# Abstract Nonsense

## Complex Conjugate Representation (A Characterization of Self-Conjugate Maps)

Point of post: This post is a continuation of this one.

We now proceed, as promised, to give a necessary and sufficient conditions for an irrep of a space to be self-conjugate real and self-conjugate quaternonic. Namely:

Theorem: Let $\mathscr{V}$ be a vector space, $G$ a finite group, and $\rho:G\to\mathcal{U}\left(\mathscr{V}\right)$ an irrep. Then, $\rho$ is self-conjugate if and only if there exists a $J$ which is antilienar and antiunitary which commutes with $\rho$.  If there exists such a $J$ it is unique up to a constant of modulus one. Moreover, if there exists such a $J$ then $J^2=\pm\mathbf{1}$ with $J^2=\mathbf{1}$ iff $\rho$ is real and $J^2=-\mathbf{1}$ iff $\rho$ is quaternonic.

Proof: Suppose first that $\rho$ is self-conjugate. Then, for any complex conjugate map $J$ on $\mathscr{V}$ there exists some unitary map $U$ such that $WJ\rho_g JW^{-1}=\rho_g$ for every $g\in G$. Note though that $WJ$ is antilinear (indeed, $W(J(\alpha x+\beta y))=W(\overline{\alpha}x+\overline{\beta}y)=\overline{\alpha}W(J(x))+\overline{\beta}W(J(y))$) and antiunitary (indeed, $\left\langle WJ(x),WJ(y)\right\rangle=\left\langle W(y),W(x)\right\rangle=\langle y,x\rangle$) and since $J=J^{-1}$ it follows from this equation that $WJ\rho_g=\rho_g WJ$ and thus the conclusion follows.

Suppose then that there existed an antilinear, antiunitary map $J$ which commutes with $\rho_g$ for every $g\in G$. Then, picking some complex conjugate $K$ on $\mathscr{V}$ we see that $W=KJ$ is unitary (we’ve discussed this before) and by assumption $J\rho_g=\rho_g J$ and thus $KJ\rho_g=K\rho J=K\rho_g KKJ$ and thus $W\rho_gW^{-1}=K\rho_g K$ from where it follows that $\text{Conj}^K_\rho\simeq\rho$ and thus $\rho$ is self-conjugate.

Now, to see that if such a $J$ exists then $J^2=\pm\mathbf{1}$, we merely note that $J^2$ is unitary and $J^2\rho_g=\rho_g J^2$ for every $g\in G$. It follows by the second form of Schur’s lemma that $J^2=\alpha\mathbf{1}$ for some $\alpha$. But, since $J^2$ is unitary we must have that $|\alpha|=1$. Note though that since $\alpha\mathbf{1}=J^2$ we may apply $J$ to both sides to get that $J(\alpha\mathbf{1})=\overline{\alpha}J=J^3=\alpha \mathbf{1}J=\alpha J$ and thus $\alpha=\overline{\alpha}$, from where it follows that $\alpha=\pm 1$.

Now, to see that such a $J$ is unique up to a constant of modulus one, applying the same idea of using Schur’s lemma we can show that if $J_1$ and $J_2$ are any such antiunitary,antilinear commuting maps that  $J_1J_2$ is an intertwinor for $\rho$ and thus by the second form of Schur’s lemma $J_1J_2=\alpha\mathbf{1}$ for some $\alpha$. Note though that since $J_1J_2$ is unitary we must have that $|\alpha|=1$. Note then that by the last part of the proof $J_1J_2=\alpha\mathbf{1}$ implies that $J_1=\pm\alpha J_2$ from where the conclusion follows.

Now, suppose that $J^2=\mathbf{1}$. Then, by our previous theorem we have that there exists an orthonormal basis $\{x_1,\cdots,x_n\}$ for $\mathscr{V}$ for which $J(x_k)=x_k\;\; k\in[n]$. Note though that if $g\in G$ and $\displaystyle \rho_g(x_j)=\sum_{i=1}^{n}\alpha_{i,j}x_i$ then

$\displaystyle \left\langle \rho_g(x_j),x_k\right\rangle=\sum_{i=1}^{n}\alpha_{i,j}\langle x_i,x_k\rangle=\alpha_{k,j}$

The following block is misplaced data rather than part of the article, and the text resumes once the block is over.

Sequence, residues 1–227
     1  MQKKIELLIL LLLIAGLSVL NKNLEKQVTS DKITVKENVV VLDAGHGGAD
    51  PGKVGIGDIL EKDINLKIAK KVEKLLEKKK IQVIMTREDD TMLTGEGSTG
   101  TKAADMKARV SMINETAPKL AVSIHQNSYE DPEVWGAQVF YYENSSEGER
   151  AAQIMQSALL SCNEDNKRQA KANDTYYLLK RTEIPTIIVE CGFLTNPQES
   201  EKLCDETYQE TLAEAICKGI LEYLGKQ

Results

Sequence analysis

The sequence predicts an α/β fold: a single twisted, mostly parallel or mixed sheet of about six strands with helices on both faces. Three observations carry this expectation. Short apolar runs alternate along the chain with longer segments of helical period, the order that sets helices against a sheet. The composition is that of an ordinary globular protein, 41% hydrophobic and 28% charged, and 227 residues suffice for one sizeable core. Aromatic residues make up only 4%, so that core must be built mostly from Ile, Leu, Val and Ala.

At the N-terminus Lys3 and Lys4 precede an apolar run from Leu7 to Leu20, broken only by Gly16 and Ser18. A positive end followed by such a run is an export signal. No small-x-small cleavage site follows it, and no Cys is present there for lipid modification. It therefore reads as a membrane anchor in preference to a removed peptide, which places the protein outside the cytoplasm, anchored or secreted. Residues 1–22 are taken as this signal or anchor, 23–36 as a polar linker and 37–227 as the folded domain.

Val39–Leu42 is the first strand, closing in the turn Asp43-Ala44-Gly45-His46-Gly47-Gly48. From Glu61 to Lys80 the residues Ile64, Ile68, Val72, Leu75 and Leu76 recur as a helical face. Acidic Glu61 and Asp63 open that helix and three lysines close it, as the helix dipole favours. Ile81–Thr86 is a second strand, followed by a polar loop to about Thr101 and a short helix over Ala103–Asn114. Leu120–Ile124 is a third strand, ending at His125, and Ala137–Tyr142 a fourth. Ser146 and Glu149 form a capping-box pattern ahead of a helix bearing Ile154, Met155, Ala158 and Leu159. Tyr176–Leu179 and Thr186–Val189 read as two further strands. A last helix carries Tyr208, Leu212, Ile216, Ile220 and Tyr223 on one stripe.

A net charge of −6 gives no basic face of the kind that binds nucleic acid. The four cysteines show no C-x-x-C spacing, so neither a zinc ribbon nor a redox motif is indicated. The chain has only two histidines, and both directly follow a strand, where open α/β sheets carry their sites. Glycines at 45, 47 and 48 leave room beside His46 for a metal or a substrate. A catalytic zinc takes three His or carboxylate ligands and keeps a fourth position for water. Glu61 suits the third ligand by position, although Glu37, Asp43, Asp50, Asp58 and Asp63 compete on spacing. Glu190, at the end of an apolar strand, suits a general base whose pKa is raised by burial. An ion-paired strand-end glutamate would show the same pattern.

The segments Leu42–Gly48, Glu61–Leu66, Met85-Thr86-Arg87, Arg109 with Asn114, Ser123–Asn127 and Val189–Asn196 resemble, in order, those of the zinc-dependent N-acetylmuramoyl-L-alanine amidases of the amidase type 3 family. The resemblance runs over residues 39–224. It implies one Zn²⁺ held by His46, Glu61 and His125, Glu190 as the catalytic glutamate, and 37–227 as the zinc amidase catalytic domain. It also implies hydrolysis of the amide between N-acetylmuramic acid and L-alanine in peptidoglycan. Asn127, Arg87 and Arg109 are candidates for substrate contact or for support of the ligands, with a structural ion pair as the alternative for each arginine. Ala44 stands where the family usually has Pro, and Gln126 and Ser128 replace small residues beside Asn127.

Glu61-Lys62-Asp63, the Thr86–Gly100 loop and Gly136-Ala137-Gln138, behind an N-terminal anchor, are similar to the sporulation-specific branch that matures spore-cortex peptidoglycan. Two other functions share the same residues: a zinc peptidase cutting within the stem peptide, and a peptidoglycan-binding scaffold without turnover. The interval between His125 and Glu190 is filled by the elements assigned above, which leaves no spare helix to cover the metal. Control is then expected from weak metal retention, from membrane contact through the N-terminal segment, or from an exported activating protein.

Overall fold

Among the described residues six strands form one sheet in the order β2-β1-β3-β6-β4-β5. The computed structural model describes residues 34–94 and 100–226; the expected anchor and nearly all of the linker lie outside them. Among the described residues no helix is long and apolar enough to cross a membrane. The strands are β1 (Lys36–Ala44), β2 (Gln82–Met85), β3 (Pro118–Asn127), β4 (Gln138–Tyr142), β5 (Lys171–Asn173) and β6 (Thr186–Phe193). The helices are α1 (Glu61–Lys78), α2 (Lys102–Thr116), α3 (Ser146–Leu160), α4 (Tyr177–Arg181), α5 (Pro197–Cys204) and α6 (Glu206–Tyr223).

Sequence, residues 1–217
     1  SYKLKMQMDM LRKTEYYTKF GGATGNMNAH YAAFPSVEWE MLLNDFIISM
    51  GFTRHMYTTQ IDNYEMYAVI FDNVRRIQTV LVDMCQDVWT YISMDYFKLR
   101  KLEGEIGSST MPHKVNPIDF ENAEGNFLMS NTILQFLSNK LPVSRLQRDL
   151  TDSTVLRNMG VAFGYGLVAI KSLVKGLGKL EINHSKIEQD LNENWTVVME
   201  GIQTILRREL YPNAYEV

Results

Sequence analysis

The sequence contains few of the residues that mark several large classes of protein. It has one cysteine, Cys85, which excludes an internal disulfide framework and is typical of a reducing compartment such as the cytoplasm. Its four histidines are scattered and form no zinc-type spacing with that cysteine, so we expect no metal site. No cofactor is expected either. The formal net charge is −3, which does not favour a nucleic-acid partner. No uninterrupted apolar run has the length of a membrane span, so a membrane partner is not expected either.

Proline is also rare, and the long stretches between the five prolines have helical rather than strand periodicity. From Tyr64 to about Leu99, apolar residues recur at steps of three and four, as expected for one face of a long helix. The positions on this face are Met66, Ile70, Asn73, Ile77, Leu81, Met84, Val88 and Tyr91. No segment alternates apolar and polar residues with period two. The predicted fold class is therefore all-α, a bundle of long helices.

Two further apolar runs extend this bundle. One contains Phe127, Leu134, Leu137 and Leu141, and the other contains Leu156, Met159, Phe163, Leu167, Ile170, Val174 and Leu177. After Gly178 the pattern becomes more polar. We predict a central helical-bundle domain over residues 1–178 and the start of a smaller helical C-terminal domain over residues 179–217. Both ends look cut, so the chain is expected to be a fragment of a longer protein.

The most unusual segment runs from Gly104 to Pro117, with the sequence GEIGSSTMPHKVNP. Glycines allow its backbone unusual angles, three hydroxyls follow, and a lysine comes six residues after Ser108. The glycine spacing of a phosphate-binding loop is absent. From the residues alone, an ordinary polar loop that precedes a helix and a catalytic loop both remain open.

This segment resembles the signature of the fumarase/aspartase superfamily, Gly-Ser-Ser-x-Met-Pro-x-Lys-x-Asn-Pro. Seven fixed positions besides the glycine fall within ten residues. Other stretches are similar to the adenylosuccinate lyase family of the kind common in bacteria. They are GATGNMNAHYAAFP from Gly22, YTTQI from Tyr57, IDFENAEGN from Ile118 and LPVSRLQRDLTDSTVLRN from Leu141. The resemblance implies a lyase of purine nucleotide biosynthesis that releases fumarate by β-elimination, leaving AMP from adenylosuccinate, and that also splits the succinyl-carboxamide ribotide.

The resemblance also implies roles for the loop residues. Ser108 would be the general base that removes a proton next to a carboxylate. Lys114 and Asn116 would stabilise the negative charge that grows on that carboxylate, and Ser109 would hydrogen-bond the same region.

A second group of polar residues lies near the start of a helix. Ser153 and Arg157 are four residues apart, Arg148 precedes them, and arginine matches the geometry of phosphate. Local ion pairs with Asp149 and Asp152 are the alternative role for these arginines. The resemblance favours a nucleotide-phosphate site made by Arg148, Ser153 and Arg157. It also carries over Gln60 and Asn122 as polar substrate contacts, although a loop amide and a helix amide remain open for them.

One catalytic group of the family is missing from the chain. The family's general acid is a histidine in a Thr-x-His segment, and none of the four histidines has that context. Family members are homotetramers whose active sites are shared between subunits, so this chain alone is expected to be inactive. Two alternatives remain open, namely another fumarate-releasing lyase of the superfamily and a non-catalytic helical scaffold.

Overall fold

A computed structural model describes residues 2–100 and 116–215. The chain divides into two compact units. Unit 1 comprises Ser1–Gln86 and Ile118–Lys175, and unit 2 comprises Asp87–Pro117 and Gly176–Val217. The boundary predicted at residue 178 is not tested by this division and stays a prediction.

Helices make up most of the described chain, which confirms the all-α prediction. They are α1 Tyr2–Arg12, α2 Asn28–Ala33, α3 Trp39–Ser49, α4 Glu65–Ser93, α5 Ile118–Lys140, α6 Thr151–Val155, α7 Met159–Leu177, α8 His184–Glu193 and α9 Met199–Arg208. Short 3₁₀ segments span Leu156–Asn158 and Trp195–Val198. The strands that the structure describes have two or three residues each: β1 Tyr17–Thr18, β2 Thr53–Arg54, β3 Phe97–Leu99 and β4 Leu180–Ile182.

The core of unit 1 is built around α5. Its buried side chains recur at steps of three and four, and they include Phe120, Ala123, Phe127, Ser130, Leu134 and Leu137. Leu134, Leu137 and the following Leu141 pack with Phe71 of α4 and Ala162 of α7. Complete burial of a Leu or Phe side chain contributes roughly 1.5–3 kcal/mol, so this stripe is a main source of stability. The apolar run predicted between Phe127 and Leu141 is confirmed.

That said,

\begin{aligned}\left\langle \rho_g (x_j),x_k\right\rangle &=\left\langle J(x_k),J\left(\rho_g (x_j)\right)\right\rangle\\ &=\left\langle J(x_k),\rho_g\left(J(x_j)\right)\right\rangle\\ &=\left\langle x_k,\rho_g(x_j)\right\rangle\\ &= \overline{\left\langle \rho_g(x_j),x_k\right\rangle}\end{aligned}

Since $j,k\in[n]$ and $g\in G$ was arbitrary it follows that the matrix with respect to this basis is real for each $\rho_g$ and thus $\rho$ is real. Conversely, suppose that $J$ is real. Then, there exists some basis $\{x_1,\cdots,x_n\}$ for which the matrix of $\rho_g$ is real for each $g\in G$. Define $J$ by

$\displaystyle J\left(\sum_{j=1}^{n}\alpha_j x_j\right)=\sum_{j=1}^{n}\overline{\alpha_j}x_j$

it’s easily verified then that $J$ is an antilinear, antinunitary map and $J^2=\mathbf{1}$. But, it easily follows from the fact that $\rho_g$ has a real matrix with respect to the basis $\{x_1,\cdots,x_n\}$ that $J$ commutes with $\rho_g$ for each $g\in G$ and thus the converse follows.

It follows from this that if $\rho$ is quaternonic then any such $J$ is such that $J^2=\pm\mathbf{1}$, but the above excludes the case $J^2=\mathbf{1}$ and thus $J^2=-\mathbf{1}$. Similarly, if $J^2=-\mathbf{1}$ then the above shows that $J$ is not real and thus must be quaternonic. The conclusion follows. $\blacksquare$

References:

1.Simon, Barry. Representations of Finite and Compact Groups. Providence, RI: American Mathematical Society, 1996. Print.

2. Serre, Jean Pierre. Linear Representations of Finite Groups. New York: Springer-Verlag, 1977. Print

February 6, 2011 -

1. […] though our characterization of self-conjugate irreps one can see that is similar to so that as desired. The conclusion […]

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3. […] every . Thus, by one of our previous characterizations of real irreps we may conclude that is real–contradictory to assumption. The conclusion […]

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4. […] and is an irrep which must be real since it must commute with (of course we are appealing to our previous characterization of self-conjugate irreps). Now, suppose that . We claim that if then is a -invariant subspace. […]

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